Stocks fall after Fed says it’s too soon to pause rate hikes

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Initial gains disappeared and stocks turned lower again after Powell delivered the sobering news that the Fed may need to hold back the economy with high interest rates for some time before the fight against inflation is done.
(Seth Wenig / Associated Press)
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Stocks fell sharply after Federal Reserve Chair Jerome H. Powell signaled that interest rates will need to go even higher than previously thought in order to tame the worst inflation in decades.

The Fed also raised its benchmark rate by three-quarters of a percentage point Wednesday, its fourth consecutive hike of that magnitude and its sixth this year.

Markets had initially rallied after Fed policymakers suggested in a statement that they might slow the pace of increases. Those gains disappeared and stocks turned lower again after Powell delivered the sobering news that the Fed may need to hold back the economy with high interest rates for some time before the fight against inflation is done.


“It’s very premature, in my view, to think about or to be talking about pausing our rate hikes,” Powell in a news conference. “We have a ways to go.”

The remarks dashed Wall Street’s hopes that the central bank would signal that it might be considering easing off its aggressive rate increases, which have weighed on the stock market this year. Higher rates not only slow the economy by discouraging borrowing but also make stocks look less appealing compared with lower-risk assets such as bonds and CDs.

The Standard & Poor’s 500 index fell 2.5%, its third straight drop. It had been up 1% earlier. The Dow Jones industrial average fell 1.5% and the Nasdaq composite slid 3.4%.

Long-term Treasury yields jumped after a brief pullback. The yield on the two-year Treasury, which tends to track market expectations of future Fed action, rose to 4.58% from 4.55% shortly before the Fed released its statement. The yield on the 10-year Treasury, which helps set mortgage rates, climbed to 4.09% after falling to 3.98% earlier in the afternoon.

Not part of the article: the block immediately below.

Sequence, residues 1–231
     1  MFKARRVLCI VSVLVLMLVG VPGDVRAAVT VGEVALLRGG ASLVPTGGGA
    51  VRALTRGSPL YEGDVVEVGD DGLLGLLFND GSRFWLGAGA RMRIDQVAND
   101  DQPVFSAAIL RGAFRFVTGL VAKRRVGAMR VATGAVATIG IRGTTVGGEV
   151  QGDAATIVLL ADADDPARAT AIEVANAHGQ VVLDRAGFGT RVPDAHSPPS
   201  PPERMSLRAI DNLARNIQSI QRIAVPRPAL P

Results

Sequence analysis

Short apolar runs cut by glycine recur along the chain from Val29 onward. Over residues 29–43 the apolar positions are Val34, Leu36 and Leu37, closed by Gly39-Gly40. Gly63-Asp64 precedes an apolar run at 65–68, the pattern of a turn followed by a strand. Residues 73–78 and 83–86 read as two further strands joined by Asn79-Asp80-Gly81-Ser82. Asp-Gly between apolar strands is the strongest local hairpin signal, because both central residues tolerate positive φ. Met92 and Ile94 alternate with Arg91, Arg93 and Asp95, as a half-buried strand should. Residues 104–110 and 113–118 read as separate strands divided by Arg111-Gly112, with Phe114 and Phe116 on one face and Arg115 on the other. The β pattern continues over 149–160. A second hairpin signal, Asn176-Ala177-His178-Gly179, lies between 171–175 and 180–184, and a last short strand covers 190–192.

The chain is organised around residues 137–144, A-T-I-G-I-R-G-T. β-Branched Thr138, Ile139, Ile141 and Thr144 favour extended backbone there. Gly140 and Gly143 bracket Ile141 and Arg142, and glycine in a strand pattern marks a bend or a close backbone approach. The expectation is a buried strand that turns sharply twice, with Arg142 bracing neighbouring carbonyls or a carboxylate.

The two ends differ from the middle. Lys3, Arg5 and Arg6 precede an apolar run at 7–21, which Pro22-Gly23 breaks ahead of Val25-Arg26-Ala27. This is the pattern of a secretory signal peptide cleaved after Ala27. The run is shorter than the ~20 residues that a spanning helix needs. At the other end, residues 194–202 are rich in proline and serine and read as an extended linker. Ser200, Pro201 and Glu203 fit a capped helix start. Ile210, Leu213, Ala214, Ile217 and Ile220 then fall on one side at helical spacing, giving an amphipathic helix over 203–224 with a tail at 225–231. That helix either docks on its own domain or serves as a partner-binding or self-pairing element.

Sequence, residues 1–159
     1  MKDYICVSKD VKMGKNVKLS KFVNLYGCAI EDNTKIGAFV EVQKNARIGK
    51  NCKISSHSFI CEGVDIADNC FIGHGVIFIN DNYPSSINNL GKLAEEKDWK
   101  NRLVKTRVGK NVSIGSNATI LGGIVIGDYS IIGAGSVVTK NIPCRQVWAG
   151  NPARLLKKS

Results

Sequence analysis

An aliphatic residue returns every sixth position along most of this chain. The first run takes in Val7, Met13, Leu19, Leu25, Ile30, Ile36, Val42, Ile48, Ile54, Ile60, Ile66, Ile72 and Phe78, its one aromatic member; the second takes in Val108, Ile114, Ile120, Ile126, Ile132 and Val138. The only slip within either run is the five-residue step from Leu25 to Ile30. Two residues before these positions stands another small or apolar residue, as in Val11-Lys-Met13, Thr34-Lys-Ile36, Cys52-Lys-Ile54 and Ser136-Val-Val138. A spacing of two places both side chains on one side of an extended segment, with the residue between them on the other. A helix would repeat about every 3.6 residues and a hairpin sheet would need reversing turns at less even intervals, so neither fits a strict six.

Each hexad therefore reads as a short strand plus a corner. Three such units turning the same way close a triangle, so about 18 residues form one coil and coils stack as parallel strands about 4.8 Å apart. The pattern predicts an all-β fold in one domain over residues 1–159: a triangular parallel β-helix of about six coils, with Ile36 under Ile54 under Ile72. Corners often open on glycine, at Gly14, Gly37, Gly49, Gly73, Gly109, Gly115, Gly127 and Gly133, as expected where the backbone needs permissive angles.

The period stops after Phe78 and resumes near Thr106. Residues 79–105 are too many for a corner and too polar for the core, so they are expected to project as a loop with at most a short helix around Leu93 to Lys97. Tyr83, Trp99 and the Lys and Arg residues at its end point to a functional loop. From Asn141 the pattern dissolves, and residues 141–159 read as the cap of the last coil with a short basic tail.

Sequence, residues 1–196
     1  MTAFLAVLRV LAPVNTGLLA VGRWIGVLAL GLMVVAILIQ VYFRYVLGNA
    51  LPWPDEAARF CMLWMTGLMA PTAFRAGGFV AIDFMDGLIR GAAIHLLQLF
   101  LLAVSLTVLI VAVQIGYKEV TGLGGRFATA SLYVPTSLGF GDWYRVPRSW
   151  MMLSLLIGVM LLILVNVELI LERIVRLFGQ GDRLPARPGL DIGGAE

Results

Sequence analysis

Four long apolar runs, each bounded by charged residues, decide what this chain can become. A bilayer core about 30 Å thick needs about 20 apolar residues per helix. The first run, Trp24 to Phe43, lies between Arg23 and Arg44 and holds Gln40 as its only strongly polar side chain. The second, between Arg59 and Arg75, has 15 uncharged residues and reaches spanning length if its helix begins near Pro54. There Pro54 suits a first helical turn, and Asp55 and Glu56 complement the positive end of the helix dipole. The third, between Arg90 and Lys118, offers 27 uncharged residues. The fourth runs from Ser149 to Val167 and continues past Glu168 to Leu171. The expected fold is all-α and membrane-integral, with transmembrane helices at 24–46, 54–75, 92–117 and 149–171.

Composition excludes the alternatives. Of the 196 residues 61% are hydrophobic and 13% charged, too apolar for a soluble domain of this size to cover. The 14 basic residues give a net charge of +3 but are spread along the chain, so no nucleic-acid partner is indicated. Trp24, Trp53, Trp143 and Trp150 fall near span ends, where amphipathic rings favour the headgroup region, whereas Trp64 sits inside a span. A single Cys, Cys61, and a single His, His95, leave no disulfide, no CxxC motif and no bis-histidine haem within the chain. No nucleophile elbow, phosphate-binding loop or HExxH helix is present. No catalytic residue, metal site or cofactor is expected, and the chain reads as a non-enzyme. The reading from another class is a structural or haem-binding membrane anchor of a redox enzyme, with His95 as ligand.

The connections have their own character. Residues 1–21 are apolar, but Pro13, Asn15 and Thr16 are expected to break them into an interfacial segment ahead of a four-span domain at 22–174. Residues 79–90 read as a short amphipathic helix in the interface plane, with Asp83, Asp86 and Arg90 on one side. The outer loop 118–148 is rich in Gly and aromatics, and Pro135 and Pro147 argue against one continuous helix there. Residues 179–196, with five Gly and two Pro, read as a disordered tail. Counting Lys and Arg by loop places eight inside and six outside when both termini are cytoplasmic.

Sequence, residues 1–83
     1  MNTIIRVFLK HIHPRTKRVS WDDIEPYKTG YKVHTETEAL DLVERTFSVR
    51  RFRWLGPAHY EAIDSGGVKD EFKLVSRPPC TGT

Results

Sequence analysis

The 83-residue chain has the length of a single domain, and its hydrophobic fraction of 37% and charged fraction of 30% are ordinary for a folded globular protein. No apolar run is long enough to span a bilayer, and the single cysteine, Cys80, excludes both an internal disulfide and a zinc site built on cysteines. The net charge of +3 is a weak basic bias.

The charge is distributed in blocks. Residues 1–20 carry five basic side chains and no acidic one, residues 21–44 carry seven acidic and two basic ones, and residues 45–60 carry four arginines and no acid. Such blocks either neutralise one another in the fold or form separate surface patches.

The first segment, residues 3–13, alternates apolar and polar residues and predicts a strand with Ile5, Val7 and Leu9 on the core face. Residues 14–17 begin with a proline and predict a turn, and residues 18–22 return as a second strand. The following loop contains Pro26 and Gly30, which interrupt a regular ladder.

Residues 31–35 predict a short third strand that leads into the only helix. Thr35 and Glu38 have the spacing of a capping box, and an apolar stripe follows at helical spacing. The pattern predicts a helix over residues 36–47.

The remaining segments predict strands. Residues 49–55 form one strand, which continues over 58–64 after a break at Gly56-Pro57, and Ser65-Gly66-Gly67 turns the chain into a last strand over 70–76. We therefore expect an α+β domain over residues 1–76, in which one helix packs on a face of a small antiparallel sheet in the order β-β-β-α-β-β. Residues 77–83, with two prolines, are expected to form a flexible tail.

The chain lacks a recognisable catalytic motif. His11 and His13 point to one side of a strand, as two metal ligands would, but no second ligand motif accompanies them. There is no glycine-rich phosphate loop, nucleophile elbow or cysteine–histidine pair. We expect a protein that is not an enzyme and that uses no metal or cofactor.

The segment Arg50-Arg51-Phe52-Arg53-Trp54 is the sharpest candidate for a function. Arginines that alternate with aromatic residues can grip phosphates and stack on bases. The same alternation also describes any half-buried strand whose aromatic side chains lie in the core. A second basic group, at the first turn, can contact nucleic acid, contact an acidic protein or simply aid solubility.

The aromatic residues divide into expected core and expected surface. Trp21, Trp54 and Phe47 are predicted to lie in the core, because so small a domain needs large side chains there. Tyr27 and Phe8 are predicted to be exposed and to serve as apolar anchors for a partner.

The Fed’s move raised its key short-term rate to a range of 3.75% to 4%, its highest level in 15 years. It was the central bank’s sixth rate hike this year, a streak that has made mortgages and other consumer and business loans increasingly expensive and heightened the risk of a recession.

In a statement announcing the rate hike, the Fed suggested that it could soon shift to a more deliberate pace of rate increases. The Fed also said that in coming months it would consider the cumulative effect of its large rate hikes on the economy.


Any encouragement that gave investors faded when Powell said that the central bank would rather make a mistake of taking interest rates too high than easing too quickly, noting that a premature pullback on rate hikes could lead inflation to become entrenched, which risks more pain for households.

Powell also said that regardless of whether the Fed dials down its interest rate hike in December, it may still end up pulling its key short-term rate ultimately to a higher level than previously thought if data show that inflation is worse than expected.

Wall Street has been closely watching the latest economic data, which are heavy on the employment market this week. It has remained strong despite inflation, which is being taken as a sign that the Fed will have to remain aggressive in its fight against high prices.

The latest jobs data from private payroll company ADP show that companies added positions at a greater pace than expected in October. The report follows hotter-than-expected data from the government Tuesday on job openings.

“It’s sort of confirming that the Fed still has more work to do,” said Ryan Grabinski, managing director of investment strategy at Strategas, a Baird company.

Investors will get more employment data with the government’s weekly unemployment report Thursday and a broader monthly jobs report Friday. They have been paying keen attention to the latest round of company earnings results to get a better sense of inflation’s effect on corporate profits and outlooks. It’s been a mixed bag so far.


All told, the S&P 500 fell 96.41 points to 3,759.69. The Dow lost 505.44 points to close at 32,147.76 and the Nasdaq slid 366.05 points to 10,524.80.

The 11 sectors in the S&P 500 closed in the red after shedding all their gains after a brief rally immediately after the Fed statement. Technology stocks, retailers and healthcare companies were among the biggest weights on the index. Apple fell 3.7%, Amazon dropped 4.8% and Johnson & Johnson slipped 1.5%.

Drugstore operator CVS rose 2.3% after raising its profit forecast following a strong third quarter. Short-term vacation rental marketplace Airbnb fell 13.4% after warning investors that growth in bookings will slow in the fourth quarter. Beauty products maker Estee Lauder slid 8.1% after slashing its profit forecast as COVID-19 lockdowns in China and inflation hurt business.